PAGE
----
Britain came under pressure Monday after Ecuador’s South American neighbours backed Quito’s decision to grant Julian Assange asylum, but he remained a virtual prisoner in its London embassy.
The WikiLeaks founder made a defiant appearance from the balcony of the Ecuador embassy on Sunday, accusing the United States of conducting a “witch hunt” against his websites and praising Ecuador’s “courage”.
Foreign ministers of the Union of South American Nations (UNASUR), meeting in Ecuador’s biggest city Guayaquil, expressed “solidarity” with the decision to grant asylum to the former computer hacker whose anti-secrecy website has enraged Washington.
They also declared support for Ecuador over the “threat of violation of its diplomatic mission”, a reference to Britain highlighting an obscure 1987 law under which its police could enter the embassy and extract Assange.
A joint statement at the end of the meeting did however urge Ecuador and Britain “to pursue dialogue in search of a mutually acceptable solution”.
Assange walked into the embassy two months ago to avoid extradition to Sweden, where he is wanted for questioning over allegations of rape and molestation made by two female WikiLeaks volunteers.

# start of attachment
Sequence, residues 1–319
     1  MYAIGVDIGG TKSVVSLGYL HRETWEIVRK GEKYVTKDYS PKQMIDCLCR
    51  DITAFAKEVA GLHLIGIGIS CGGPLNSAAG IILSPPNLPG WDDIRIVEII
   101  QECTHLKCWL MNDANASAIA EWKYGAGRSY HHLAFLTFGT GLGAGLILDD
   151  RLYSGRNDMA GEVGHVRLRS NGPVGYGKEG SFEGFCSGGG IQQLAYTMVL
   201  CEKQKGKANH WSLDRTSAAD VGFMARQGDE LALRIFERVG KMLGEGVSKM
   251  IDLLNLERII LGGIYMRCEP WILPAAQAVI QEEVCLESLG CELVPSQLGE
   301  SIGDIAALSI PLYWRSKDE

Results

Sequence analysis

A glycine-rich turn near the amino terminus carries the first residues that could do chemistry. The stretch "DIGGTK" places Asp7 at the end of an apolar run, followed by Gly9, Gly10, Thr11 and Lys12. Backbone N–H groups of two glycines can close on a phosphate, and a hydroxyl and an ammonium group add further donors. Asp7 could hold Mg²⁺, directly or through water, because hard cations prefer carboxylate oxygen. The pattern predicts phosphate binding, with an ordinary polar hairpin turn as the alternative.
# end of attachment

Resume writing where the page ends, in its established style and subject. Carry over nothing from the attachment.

He made no direct reference to the allegations in his speech on Sunday, which was made from the balcony because Britain has said Assange will be arrested if he sets foot outside the embassy.
The 41-year-old Australian and his supporters argue that the allegations are politically motivated and that he will eventually be extradited to the United States.
WikiLeaks angered the United States by releasing tens of thousands of classified documents about the wars in Iraq and Afghanistan, as well as often unflattering reports of US diplomats’ views on world leaders.
Assange on Sunday called for US soldier Bradley Manning, the alleged source of the trove of secret government documents leaked by WikiLeaks, to be released from a military prison, claiming he had undergone harsh treatment in detention.
Addressing around 200 of his supporters who came to hear the speech in an upmarket district of London, Assange criticised the suggestion that Britain could revoke the embassy’s diplomatic status and enter the building.
He also alleged that on the day before he was granted asylum he could hear “teams of police swarming up into the building through its internal fire escape”.
The embassy occupies a small part of the red-brick mansion block.
Britain insists it never threatened to invade the building and merely made the Ecuadoran government aware of the existence of the law.
The Foreign Office made no immediate response to the declaration of support for Ecuador made at the UNASUR meeting on Sunday.
Britain is already at loggerheads with UNASUR member Argentina, which claims sovereignty over the Falkland Islands.